For instance, a simple VAV terminal unit. Typically we'll show cooling and heating setpoints, setup/setback values, occupied/unoccupied mode, min and max design air flows, current actual air flow, zone temp, discharge air temp, reheat status, damper motor status, Current VAV operational mode, and scheduling info ... if applicable for that job. (Some customers want individual schedules for all or some VAVs, others simply want all VAVs associated with a particular air handler to follow the air handler's schedule.)
That's about it for a VAV. That's pretty much all that'd actually be useful to a customer, and we can get it all on a single, easily viewable, uncluttered screen. Now, if someone wanted us to actually put ALL the control points and configuration data available within that VAV controller on graphic screens on the front end ... GAD ... we could do it but for one VAV controller of a type we commonly use ... that'd be approx 1250 pieces of info we'd need to display ... for every VAV. Most of which would be just useless waste of time and space on the front end as they're not things the customer would want to know or know what to do with if they saw em and could change em.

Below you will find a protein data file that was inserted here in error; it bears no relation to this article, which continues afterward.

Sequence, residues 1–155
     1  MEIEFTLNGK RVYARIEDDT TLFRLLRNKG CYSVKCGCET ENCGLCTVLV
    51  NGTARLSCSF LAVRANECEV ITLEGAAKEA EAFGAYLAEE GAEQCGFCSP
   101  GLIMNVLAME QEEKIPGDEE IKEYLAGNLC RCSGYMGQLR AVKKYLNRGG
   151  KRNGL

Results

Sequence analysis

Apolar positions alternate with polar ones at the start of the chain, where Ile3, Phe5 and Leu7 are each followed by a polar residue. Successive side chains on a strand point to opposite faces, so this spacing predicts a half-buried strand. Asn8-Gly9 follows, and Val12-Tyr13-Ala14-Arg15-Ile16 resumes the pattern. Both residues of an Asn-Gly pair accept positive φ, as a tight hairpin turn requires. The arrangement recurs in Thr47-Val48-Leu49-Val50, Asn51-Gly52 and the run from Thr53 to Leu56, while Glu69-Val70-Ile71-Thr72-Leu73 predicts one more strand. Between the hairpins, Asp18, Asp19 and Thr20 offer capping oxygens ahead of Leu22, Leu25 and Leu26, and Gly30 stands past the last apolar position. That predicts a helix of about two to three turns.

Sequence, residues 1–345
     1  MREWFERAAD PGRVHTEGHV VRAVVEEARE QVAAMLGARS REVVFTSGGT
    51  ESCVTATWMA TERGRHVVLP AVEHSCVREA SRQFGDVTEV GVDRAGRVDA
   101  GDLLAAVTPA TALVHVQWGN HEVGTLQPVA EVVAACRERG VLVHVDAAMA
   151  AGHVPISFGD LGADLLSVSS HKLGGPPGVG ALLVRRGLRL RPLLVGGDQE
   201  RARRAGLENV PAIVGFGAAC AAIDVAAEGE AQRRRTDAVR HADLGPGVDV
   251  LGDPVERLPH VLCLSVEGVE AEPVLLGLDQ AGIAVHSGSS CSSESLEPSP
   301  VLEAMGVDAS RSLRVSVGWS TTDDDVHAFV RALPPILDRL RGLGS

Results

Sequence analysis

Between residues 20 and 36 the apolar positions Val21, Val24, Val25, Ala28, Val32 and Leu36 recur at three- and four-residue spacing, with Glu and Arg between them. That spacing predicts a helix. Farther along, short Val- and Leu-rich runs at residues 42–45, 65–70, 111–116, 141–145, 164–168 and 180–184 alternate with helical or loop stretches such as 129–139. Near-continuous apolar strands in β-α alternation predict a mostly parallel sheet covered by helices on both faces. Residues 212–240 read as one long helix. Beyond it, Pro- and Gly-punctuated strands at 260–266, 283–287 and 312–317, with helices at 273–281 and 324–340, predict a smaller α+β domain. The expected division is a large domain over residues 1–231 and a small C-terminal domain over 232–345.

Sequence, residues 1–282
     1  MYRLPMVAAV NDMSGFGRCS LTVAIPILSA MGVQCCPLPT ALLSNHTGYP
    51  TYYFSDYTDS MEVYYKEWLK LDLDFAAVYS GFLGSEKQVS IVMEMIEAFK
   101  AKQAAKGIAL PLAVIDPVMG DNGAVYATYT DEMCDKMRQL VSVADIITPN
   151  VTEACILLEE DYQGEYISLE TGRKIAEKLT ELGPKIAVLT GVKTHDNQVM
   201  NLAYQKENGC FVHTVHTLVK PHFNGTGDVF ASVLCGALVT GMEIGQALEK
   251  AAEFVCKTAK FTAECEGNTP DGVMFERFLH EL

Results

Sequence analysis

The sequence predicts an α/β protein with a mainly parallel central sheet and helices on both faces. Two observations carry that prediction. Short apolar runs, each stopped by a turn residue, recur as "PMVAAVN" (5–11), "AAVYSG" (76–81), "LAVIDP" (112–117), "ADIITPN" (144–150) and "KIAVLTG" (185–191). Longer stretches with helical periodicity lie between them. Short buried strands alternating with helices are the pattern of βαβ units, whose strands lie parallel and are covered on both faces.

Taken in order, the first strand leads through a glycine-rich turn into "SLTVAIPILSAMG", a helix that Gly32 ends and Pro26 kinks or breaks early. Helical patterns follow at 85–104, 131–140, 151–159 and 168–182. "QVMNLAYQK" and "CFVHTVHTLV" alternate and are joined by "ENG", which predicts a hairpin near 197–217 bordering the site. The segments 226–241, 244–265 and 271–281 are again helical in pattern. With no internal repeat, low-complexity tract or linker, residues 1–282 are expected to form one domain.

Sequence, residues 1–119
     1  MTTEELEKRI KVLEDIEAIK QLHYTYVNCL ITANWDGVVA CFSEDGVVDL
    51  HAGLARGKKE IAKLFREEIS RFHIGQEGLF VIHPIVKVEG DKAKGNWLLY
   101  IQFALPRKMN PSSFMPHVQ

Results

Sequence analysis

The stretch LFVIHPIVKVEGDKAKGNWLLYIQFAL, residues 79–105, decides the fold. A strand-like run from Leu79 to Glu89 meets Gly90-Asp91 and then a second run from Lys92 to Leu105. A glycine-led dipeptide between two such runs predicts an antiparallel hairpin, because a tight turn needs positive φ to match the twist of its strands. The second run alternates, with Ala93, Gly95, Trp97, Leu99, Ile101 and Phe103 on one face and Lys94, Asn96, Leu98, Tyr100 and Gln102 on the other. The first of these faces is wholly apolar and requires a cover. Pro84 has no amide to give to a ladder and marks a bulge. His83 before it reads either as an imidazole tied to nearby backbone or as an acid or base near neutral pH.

But certainly we display and allow changes to the first group of items I mentioned. (Well, some of em are read only)
If a customer demands it, even if it's not in the jobs specs to start with, we'll customize things and show em whatever they want. Tho, if it's my project, I have been known to make a customer sign a release statement if customer is wanting access to and the ability to change certain control parameters that I strongly disagree with. And I've told some such customers that if I'm later called because something is not working right, and I find that customer has changed those control parameters I urged em not to mess with ... I WILL be billing customer for my time as I won't consider the call a warranty call.
Chuckle, in other words, fine if customer changes ordinary setpoints and such, but leave things they don't understand alone.
Just trying to give you the idea that ... YES ... most control contractors will leave stuff off your control screens. In fact, they leave off far more than they show. BUT ... everyone I know allows customer access to the commonly needed setpoints, scheduling info, etc. Now, they may lockout access to changing it to a limited few who have correct password if that's what is requested by owner/whoever writes the check. That's common. But I think this is the first time I've ever heard of a controls contractor who wouldn't allow owner to have access to setpoints at all.
Personally, I think you've got a contractor who is trying to rook you. Unless, we're talking about setpoints that are equipment/life safety related.
.. MAY allow controllers to talk. Not always. Couldn't restrict setpoints on the LON controllers.... you would have them. Further, you wouldn't need the installing contractor to "fix" it. You would do it on your own or have somebody else do it. If it is a programmable and somebody is "rooking" you, tear it out and use somebody else's and backcharge them.